Flynn would testify on Trump-Russia links in exchange for immunity
President’s ex-security adviser could shed light on talks with Moscow’s ambassador to US
Donald Trump’s former national security adviser Michael Flynn is in discussions with the House and Senate intelligence committees about speaking to their probe into links with Russia in exchange for immunity, his lawyer has said.
“General Flynn certainly has a story to tell, and he very much wants to tell it, should the circumstances permit,” said a statement from Mr Flynn’s lawyer, Robert Kelner.
Testimony from Mr Flynn could help shed light on the conversations he had with Russian ambassador to the United States Sergei Kisylak last year when he was the national security adviser for Mr Trump’s presidential campaign.
Mr Kelner said discussions had taken place about Mr Flynn’s availability to testify with officials of the intelligence committees of both the US Senate and the House of Representatives.
Both committees are investigating allegations of Russian meddling in the US election campaign last year as well as possible ties between the Trump campaign and Russians.
Mr Flynn was forced to resign as Mr Trump’s national security adviser in February for failing to disclose talks with the Russian ambassador before Mr Trump took office about US sanctions on Moscow and misleading vice president Mike Pence about the conversations.
Mike Flynn should ask for immunity in that this is a witch hunt (excuse for big election loss), by media & Dems, of historic proportion!— Donald J. Trump (@realDonaldTrump) March 31, 2017
Questions remain about the scope of the discussions and what other contacts took place between other Trump advisers with the Russians. Earlier this week, the White House disclosed that Mr Trump’s son-in-law and White House senior adviser, Jared Kushner, met executives of Russian state development bank Vnesheconombank, or VEB, in December.
US intelligence agencies have said Russia hacked emails of senior Democrats and orchestrated the release of embarrassing information in a bid to tip the presidential election in favour of Mr Trump, whose views were seen as more in line with the Moscow’s. Russia has denied the allegations.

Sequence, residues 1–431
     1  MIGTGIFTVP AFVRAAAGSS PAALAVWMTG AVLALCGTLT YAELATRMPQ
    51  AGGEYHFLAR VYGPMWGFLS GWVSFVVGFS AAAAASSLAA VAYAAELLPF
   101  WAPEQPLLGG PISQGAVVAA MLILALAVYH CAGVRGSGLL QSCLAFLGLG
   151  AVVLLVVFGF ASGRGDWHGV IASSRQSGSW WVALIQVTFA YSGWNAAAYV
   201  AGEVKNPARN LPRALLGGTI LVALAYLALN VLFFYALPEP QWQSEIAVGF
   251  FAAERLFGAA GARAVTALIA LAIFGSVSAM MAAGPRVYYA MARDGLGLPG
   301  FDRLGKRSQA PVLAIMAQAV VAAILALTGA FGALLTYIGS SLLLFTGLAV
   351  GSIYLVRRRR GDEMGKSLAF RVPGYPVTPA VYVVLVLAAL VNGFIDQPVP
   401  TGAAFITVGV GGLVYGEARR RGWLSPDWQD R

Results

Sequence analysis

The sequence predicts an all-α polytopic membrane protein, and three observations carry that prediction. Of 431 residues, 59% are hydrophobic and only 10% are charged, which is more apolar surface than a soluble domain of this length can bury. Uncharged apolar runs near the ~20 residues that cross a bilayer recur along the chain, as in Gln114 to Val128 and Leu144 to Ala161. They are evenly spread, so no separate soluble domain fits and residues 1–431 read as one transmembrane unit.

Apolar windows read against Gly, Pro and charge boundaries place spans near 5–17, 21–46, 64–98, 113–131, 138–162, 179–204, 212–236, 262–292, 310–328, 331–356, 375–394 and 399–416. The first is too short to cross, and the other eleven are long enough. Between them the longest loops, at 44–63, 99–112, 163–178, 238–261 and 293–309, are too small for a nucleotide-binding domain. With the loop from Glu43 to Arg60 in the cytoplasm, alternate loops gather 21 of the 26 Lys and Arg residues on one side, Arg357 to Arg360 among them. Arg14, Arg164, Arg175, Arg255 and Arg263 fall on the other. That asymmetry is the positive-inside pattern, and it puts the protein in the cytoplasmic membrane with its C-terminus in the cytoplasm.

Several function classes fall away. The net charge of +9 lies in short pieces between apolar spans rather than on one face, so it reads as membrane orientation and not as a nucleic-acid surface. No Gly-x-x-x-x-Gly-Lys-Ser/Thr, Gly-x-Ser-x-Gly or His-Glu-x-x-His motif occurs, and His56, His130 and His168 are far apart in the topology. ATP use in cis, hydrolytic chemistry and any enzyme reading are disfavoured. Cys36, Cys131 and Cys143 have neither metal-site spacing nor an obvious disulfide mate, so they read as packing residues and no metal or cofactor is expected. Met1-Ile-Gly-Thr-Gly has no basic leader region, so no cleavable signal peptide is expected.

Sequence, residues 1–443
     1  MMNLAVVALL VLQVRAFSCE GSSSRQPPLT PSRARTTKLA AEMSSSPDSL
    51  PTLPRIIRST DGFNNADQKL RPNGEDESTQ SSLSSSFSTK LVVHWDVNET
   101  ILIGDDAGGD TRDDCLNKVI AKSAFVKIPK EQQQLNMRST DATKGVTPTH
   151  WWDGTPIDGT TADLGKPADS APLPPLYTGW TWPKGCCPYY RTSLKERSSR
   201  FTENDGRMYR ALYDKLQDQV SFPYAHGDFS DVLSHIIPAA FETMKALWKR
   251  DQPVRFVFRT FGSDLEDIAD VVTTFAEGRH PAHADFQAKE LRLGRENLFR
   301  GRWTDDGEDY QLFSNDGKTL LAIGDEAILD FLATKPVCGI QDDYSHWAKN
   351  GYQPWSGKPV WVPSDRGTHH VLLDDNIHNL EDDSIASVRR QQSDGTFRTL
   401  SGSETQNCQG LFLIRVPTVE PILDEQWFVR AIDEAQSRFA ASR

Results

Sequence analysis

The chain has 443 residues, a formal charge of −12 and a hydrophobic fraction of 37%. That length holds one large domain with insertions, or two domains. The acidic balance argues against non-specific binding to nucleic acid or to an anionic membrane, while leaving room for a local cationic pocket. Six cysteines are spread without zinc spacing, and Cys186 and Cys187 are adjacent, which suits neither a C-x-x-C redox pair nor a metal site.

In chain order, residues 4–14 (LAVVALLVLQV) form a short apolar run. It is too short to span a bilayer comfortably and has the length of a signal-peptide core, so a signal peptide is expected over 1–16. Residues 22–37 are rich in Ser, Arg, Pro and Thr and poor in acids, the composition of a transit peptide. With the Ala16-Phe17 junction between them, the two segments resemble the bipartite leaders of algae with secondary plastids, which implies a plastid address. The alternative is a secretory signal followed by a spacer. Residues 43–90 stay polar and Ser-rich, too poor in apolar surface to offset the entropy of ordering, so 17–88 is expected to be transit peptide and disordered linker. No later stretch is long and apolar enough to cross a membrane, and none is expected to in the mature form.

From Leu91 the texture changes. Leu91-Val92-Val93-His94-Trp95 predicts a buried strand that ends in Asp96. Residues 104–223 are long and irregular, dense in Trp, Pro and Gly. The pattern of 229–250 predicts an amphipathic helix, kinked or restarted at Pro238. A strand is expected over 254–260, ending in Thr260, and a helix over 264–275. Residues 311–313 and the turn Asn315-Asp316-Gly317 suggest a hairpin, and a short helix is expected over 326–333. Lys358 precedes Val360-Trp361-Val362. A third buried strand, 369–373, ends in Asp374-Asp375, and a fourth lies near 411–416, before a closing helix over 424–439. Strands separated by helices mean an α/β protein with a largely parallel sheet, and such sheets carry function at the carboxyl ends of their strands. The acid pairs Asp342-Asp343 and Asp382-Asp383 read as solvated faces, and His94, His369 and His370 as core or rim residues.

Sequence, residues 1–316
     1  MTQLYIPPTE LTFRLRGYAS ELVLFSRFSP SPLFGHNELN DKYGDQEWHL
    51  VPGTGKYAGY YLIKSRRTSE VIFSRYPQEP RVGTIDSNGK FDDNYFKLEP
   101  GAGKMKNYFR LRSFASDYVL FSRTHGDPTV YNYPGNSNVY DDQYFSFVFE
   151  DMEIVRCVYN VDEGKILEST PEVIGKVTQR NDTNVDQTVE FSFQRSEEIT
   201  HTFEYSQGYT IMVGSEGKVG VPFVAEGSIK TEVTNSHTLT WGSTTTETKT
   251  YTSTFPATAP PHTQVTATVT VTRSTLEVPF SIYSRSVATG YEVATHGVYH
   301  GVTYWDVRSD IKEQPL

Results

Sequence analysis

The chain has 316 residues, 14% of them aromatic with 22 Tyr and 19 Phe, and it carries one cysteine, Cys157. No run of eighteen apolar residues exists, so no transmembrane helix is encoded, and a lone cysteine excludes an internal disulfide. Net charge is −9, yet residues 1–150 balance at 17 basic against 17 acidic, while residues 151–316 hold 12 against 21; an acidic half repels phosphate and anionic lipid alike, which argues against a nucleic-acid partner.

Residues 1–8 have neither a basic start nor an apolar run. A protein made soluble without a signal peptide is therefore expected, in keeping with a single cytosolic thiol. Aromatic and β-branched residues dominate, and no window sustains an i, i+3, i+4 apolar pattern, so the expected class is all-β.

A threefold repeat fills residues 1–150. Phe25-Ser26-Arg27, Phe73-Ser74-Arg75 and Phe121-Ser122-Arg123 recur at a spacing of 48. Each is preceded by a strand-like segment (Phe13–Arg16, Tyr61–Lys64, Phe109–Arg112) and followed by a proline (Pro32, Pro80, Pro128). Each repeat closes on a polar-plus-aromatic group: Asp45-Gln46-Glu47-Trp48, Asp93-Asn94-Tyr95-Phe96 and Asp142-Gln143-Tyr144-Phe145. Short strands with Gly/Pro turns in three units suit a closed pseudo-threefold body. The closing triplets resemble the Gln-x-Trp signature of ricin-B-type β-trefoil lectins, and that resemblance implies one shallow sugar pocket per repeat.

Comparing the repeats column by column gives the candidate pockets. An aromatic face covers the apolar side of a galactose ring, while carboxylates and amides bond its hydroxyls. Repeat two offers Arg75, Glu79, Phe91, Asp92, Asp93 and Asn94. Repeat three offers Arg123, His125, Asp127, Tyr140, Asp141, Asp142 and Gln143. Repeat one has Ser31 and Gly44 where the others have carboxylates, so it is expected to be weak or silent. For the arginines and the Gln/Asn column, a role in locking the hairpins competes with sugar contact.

Mr Trump has dismissed suggestions of links with Moscow as Democratic sour grapes for losing the election.
The Wall Street Journal, citing officials with knowledge of the matter, reported on Thursday that Mr Flynn had sought immunity from the Federal Bureau of Investigation(FBI) and the House and Senate intelligence panels in exchange for his testimony. The newspaper said he had so far found no takers. The House denied the Journal report.
“Michael Flynn has not offered to testify to HPSCI in exchange for immunity,” committee spokesman Jack Langer said in a statement. The FBI declined to comment.
The Senate committee did not immediately respond to a request for comment. Mr Kelner’s statement did not mention the FBI.
He said Mr Flynn “is now the target of unsubstantiated public demands by Members of Congress and other political critics that he be criminally investigated.” Mr Kelner said Mr Flynn would not “submit to questioning in such a highly politicised, witch hunt environment without assurances against unfair prosecution.”
Independent Senator Angus King, a member of the Senate Intelligence Committee, told CNN he could not confirm the Journal report, but “if that turns out to be the case, that’s a significant development I believe because it indicates that he has something important to say.